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The good: Drought took its toll on mid-valley farmers in 2015, knocking grass seed yields down by as much as 25 to 50 percent depending on field location and soil type.

With a record December rainfall, the good news is that perhaps drought will not again be a factor.

In step with rapidly declining international oil prices, mid-valley farmers should enjoy lower input prices for necessities such as fertilizer.

Producers continue to diversify with grass seed acres being converted to filbert orchards due to an expected international marketing opportunity.

The bad: Producers are looking at lower commodity prices and livestock prices have dropped significantly as the number of cows available nationwide has rebounded much faster than anticipated.

Although problems at the Port of Portland have receded due to the signing of a contract with the longshoreman’s union, international clients are diversifying their purchases, hedging their bets against future delivery issues caused by work slow downs.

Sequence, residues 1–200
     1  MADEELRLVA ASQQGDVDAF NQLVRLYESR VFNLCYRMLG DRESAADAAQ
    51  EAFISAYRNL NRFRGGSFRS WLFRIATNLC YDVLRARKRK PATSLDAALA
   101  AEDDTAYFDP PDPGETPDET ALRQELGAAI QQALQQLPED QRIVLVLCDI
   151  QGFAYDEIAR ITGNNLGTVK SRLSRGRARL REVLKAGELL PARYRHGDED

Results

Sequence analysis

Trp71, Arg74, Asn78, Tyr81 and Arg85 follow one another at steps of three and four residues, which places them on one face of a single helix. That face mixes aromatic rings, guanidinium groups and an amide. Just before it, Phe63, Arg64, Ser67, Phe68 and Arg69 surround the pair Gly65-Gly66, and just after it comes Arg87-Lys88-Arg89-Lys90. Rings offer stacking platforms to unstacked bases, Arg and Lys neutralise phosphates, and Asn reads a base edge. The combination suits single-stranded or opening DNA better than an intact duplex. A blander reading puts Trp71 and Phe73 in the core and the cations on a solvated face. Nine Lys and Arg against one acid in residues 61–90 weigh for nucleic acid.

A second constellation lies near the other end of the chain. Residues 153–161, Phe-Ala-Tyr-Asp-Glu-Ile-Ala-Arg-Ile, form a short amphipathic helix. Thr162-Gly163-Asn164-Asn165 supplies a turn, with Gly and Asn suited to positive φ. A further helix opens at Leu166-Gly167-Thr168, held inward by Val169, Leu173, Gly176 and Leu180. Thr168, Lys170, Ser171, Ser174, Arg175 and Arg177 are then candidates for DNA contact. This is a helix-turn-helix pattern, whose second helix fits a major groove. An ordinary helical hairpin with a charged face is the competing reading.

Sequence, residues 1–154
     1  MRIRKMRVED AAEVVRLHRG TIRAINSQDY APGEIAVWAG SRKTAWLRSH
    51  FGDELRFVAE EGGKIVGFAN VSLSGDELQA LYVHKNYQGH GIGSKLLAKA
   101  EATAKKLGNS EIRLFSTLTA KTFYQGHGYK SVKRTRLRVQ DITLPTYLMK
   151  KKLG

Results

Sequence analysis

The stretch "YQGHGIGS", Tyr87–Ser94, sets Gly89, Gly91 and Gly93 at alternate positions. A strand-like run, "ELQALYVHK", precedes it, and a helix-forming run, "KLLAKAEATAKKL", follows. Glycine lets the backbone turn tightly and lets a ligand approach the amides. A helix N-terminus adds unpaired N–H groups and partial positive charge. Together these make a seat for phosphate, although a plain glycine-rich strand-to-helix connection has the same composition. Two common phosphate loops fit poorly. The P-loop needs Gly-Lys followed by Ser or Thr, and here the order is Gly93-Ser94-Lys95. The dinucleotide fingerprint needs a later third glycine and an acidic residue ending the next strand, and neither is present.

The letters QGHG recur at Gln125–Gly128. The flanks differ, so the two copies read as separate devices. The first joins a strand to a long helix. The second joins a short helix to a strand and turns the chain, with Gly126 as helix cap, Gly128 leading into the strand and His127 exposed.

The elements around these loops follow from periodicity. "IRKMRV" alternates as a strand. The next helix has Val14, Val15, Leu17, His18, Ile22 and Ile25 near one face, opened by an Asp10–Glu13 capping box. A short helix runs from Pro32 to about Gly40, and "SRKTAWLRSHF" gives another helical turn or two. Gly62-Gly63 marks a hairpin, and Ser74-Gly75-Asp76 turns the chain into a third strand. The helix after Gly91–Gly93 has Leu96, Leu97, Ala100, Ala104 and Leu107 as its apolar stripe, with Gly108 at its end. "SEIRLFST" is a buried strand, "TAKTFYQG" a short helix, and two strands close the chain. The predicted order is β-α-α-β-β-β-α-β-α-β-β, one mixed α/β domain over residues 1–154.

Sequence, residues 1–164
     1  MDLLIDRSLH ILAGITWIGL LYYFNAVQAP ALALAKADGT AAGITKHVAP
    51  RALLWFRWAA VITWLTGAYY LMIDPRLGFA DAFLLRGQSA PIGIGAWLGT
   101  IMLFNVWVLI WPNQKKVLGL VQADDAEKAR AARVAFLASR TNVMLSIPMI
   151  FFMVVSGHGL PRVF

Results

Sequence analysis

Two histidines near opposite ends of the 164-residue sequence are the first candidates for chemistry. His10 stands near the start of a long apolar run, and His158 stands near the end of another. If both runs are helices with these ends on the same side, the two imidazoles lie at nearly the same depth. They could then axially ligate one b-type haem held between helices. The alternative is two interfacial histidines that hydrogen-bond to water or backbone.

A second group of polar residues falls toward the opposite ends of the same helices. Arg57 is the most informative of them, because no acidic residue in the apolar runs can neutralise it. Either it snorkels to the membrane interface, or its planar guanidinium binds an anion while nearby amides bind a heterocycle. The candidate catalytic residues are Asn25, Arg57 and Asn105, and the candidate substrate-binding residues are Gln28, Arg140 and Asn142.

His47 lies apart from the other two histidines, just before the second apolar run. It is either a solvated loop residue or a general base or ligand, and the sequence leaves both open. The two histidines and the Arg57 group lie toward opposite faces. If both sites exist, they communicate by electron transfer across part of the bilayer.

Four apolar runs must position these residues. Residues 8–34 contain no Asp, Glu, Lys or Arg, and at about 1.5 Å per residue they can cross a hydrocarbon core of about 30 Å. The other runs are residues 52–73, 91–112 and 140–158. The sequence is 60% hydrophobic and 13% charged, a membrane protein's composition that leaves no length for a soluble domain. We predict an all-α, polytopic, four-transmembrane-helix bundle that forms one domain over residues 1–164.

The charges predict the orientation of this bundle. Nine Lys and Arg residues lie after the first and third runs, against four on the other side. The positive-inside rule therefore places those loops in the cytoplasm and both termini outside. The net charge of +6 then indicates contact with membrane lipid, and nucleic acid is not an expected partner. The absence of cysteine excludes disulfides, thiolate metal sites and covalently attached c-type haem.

The uncertain: What’s going to happen to local land values? Oregon farms have traditionally been family-owned, but that is changing as corporations are investing statewide, often sight-unseen.

Farmland prices of $10,000 or more per acre are no longer uncommon. High quality irrigated properties will continue to bring premium, if not record prices, which may put smaller, family run operations out of the race when it comes to competing for new land opportunities.

Producers are also closely watching legislation that would impose stricter rules regarding carbon emissions.

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— Alex Paul, Democrat-Herald

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